And now it’s just the four of us: Zach, Josh, Tim, and I.
Saying goodbye to the choir was tough. I was going through so many emotions—thankfulness for the friendships, fear of the future, and homesickness. All I wanted to do was buy a ticket and come home where I can see my family, my girlfriend, my dog, sleep in my own bed (or at least my own country), get free refills at restaurants, and not have to pay for the bathroom anymore. It was so hard to let them leave without me.
But I stayed, which I wasn’t so happy about in the beginning.
We were picked up by Elke, a family friend of Josh’s who was kind enough to open her home for us in Pfortzeim. Pfortzeim is a somewhat-new town right outside the black forest. It was completely demolished in WWII and rebuilt quilkly, so a lot of the buildings are not too impressive. Still, it’s a very nice town.
The five of us really didn’t know what to do that day, and we spent a long time trying to figure it out. And then at one point Elke said, “We could go to France. It ‘s only about an hour from here.” Of course we said yes. So we drove to a city in France called Strausburg. It was a cute little city.
We stopped to have some espresso with Elke.
There was a nice cathedral, and it was at this cathedral that I realized that I’m already quite sick of cathedrals.
One of the things that really did stick out in this elaborate building was that, at every candle-lighting place, every prayerful kneeling station, every saint statue, and every confessional there was a small box for donations. Once I realized this, I couldn’t help but feel dirty. There’s no way that this can be called a church of God. This made me incredibly sad, and I had to leave before I got the urge to flip over any tables.
New subject, something more positive.
Once at Elke’s house, we met her family. Titzian, her 10 year-old son who tried so hard to communicate with us, but knew only the simplest English. He pretty much knew as much English as I know Spanish…enough to sort of get by, and little enough to be proud to say, “A piece of bread,” at the dinner table.
Lea was their daughter. I think she was 14 or so. She was shy and knew a pretty good amount of English, which she refused to share with us. Still, she laughed at our jokes and soon opened up to us enough to let herself go and be silly with the rest of us.
And then there was Elke’s partner, Carmen. She knew very little English, maybe even less than Titzian, and she was noticeably stressed about it in the beginning. There was something in her wary smile that made me fall in love with her and try to make her comfortable with us. We all joked around, and when we started talking about music she brightened up. Apparently she loves all the bands I do, and she would run back and forth to their CD player to show me bands I didn’t know. She even started dancing to some of the songs.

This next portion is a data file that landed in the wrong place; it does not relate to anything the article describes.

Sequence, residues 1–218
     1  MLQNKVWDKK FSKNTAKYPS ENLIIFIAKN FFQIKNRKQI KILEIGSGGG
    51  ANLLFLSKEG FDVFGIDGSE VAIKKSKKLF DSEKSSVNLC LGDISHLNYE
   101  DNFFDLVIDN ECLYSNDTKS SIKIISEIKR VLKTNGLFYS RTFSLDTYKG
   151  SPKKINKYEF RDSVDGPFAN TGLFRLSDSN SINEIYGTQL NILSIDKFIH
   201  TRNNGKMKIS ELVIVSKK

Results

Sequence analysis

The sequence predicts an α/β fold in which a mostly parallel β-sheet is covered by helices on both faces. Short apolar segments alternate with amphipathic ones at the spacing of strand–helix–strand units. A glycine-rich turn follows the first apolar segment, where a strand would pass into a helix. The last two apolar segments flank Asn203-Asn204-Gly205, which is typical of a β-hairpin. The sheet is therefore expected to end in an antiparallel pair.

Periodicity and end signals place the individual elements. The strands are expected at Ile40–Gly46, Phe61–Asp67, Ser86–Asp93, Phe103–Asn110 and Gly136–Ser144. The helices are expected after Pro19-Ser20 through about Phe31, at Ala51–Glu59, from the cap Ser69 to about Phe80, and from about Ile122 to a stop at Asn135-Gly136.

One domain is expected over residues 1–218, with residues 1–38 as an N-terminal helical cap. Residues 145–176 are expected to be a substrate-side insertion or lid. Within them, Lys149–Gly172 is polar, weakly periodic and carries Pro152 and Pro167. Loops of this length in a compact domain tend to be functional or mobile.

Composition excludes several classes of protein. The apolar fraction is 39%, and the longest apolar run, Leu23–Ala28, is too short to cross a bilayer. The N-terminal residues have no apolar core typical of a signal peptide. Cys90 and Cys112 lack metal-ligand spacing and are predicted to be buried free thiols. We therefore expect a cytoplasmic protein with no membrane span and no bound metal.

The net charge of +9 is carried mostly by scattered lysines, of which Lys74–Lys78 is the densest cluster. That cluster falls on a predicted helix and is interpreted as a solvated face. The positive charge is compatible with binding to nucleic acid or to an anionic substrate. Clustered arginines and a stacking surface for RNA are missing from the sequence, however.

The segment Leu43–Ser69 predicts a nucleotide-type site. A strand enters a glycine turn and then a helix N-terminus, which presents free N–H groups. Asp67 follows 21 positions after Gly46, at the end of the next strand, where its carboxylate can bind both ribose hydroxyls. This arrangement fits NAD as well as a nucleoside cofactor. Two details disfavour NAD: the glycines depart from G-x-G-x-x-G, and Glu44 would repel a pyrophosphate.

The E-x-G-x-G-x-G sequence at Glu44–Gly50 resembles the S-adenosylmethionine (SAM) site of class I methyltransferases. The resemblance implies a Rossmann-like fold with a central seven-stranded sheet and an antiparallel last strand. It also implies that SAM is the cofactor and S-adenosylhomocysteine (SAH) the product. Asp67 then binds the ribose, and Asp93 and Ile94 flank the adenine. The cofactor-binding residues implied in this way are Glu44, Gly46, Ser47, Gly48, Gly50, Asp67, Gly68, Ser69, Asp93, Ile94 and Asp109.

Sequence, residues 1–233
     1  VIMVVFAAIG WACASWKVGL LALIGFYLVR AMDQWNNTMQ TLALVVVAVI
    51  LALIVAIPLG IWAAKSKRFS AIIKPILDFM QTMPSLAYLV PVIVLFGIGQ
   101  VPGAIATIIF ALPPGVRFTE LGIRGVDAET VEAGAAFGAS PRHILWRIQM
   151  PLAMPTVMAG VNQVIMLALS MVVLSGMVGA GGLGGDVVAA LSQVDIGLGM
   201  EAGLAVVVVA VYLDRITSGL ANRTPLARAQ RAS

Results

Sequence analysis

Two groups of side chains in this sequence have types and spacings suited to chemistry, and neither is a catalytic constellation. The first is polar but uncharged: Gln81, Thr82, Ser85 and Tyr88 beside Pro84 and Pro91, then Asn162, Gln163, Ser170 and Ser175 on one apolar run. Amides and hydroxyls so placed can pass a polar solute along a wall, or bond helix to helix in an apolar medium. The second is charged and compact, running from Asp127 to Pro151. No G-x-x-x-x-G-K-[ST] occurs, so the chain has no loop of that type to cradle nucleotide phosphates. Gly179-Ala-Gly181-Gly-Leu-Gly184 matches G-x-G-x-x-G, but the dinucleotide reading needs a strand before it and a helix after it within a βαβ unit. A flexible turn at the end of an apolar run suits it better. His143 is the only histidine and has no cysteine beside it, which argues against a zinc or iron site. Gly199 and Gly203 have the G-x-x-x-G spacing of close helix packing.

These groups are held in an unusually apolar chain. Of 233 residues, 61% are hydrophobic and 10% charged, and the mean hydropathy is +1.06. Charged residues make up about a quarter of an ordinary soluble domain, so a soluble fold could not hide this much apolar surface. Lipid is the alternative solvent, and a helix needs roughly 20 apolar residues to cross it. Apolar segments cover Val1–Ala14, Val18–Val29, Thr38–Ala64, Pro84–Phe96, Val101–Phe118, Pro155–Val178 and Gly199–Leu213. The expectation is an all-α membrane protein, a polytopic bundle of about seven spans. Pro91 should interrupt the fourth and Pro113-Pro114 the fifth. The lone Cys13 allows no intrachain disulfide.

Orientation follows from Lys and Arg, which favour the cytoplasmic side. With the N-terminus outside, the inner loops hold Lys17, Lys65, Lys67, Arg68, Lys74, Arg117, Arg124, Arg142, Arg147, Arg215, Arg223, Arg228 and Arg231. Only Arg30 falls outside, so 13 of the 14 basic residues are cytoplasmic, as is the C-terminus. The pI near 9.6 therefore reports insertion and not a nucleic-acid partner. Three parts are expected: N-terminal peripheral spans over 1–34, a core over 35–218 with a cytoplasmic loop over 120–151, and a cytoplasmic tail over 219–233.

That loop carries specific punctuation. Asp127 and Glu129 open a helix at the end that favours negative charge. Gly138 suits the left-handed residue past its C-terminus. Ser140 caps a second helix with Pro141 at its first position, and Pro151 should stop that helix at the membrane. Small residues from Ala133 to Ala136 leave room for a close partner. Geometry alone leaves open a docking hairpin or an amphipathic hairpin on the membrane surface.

I also became acquainted with one of their cats.
When they found out that I brought my travel guitar, they immediately made me get it out. I played some songs that I thought they might know, and we stayed up late into the night requesting and playing songs. By the end of it, Carmen said in her cautious, broken English, “Your voice looks like an angel.” That meant the world to me.
The next day we took a nice trip to the Black Forest, which I’m sure a lot of you have heard about. It’s really just a big forest, and the reason it’s called black is because, from a distance the trees look really dark. La de da, a big forest.
We found some fun things to do, though. We went on a nice hike to see Germany’s Longest Waterfall, which was beautiful and made totally worth it when the guys and I hiked off the beaten trail to get a closer look. I could have stayed there all day.
This picture is looking down, by the way.
After that, we went on yet another Alpine sled. I’m pretty sure that’s one of the coolest things one can do.
Oh wait. I have one cooler.
We also went on a high ropes course in the Black Forest! I love stuff like this: suspended over a hundred feet in the air, walking on wires between trees and being attached only by two karabiners. This was a monstrous ropes course with five levels of difficulty. We had about two hours there, so we decided to go on levels four and five—the most difficult. It was so exhilarating and terrifying and wonderful I could not contain my excitement.
We were quite hungry when we were finished with the course, so we went to a little café. The food was delicious, but the experience was made actually quite horrible by the music that was playing. It wasn’t necessarily polka; it was more happy traditional German songs recorded on a cheap keyboard. What made it worse was that there were only about four songs on repeat. It sucked. At least the food was good.
After this we went home to Elke’s house, where we had a nice cookout. I hung out with the kids a lot and they tried to teach me some German. They taught me the phrase “Ich heisse Brian,” which means, “My name is Brian.” During my attempt to say everything correctly, I said, “Ich scheisse Brian,” and scheisse is the German equivalent to shit. We laughed about that one for awhile.
Somewhere in our conversation, they started talking about Strauss, which is Emu—a common bird that they eat in Germany. And then I realized that in my first homestay in Bad Hamburg, I continued to call my hostdad whose name in Klauss, strauss. So I called him and Emu for most of my stay. How embarrassing.
I don’t know how I’ve become so blessed to meet such wonderful people. Each one of my hosts have changed me in a significant way and caused me to praise God all the more. God does good work with people; I am continuously impressed by that.
Hope all is well in the Fifty Nifty. J
BEAUTIFUL OLD PEOPLE!!